The impact and origin of copy number variations in the Oryza species.

Bai, Z; Chen, J; Liao, Y; Wang, M; Liu, R; Ge, S; Wing, RA; Chen, M

BMC genomics 2016

PMID: 27025496

The impact and origin of copy number variations in the Oryza species.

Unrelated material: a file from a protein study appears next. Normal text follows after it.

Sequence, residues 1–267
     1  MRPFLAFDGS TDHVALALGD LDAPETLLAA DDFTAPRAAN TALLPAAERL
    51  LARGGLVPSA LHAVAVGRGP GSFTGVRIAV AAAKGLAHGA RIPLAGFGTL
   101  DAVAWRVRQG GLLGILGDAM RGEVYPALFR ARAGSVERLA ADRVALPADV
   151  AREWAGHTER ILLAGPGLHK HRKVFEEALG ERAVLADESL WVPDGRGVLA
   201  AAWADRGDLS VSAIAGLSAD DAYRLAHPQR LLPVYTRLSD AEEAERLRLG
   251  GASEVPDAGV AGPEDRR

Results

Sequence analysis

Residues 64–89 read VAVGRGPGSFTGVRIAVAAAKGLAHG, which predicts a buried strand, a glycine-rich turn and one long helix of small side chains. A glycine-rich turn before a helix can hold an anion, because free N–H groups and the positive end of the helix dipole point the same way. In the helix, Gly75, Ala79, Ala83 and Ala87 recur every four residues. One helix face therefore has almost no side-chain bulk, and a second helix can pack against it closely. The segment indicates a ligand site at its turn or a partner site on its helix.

BACKGROUND: Copy number variation (CNV), a complex genomic rearrangement, has been extensively studied in humans and other organisms. In plants, CNVs of several genes were found to be responsible for various important traits; however, the cause and consequence of CNVs remains largely unknown. Recently released next-generation sequencing (NGS) data provide an opportunity for a genome-wide study of CNVs in rice. RESULTS: Here, by an NGS-based approach, we generated a CNV map comprising 9,196 deletions compared to the reference genome 'Nipponbare'. Using Oryza glaberrima as the outgroup, 80% of the CNV events turned out to be insertions in Nipponbare. There were 2,806 annotated genes affected by these CNV events. We experimentally validated 28 functional CNV genes including s='term' data-tid='1172' href='#term-1172'>term' data-tid='1171' href='#term-1171'>OsMADS56, BPH14, OsDCL2b and OsMADS30, implying that CNVs might have contributed to phenotypic variations in rice. Most CNV genes were found to be located in non-co-linear positions by comparison to O. glaberrima. One of the origins of these non-co-linear genes was genomic duplications caused by transposon activity or double-strand break repair. Comprehensive analysis of mutation mechanisms suggested an abundance of CNVs formed by non-homologous end-joining and mobile element insertion. CONCLUSIONS: This study showed the impact and origin of copy number variations in rice on a genomic scale.